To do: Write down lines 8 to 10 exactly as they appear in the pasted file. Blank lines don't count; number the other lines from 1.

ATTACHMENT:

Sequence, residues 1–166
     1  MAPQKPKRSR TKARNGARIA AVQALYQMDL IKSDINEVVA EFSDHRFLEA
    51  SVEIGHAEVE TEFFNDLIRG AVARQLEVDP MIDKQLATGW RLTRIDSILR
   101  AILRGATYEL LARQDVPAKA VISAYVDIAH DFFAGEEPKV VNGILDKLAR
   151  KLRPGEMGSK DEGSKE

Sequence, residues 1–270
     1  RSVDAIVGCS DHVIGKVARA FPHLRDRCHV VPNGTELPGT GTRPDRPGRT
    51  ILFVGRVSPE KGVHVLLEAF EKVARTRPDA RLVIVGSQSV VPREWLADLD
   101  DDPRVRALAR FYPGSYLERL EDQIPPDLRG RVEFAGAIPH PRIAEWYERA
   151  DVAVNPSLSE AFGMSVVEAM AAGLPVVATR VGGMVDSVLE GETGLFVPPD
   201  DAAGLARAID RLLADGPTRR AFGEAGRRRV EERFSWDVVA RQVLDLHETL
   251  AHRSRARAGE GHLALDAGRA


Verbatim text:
    51  ILFVGRVSPE KGVHVLLEAF EKVARTRPDA RLVIVGSQSV VPREWLADLD
   101  DDPRVRALAR FYPGSYLERL EDQIPPDLRG RVEFAGAIPH PRIAEWYERA
   151  DVAVNPSLSE AFGMSVVEAM AAGLPVVATR VGGMVDSVLE GETGLFVPPD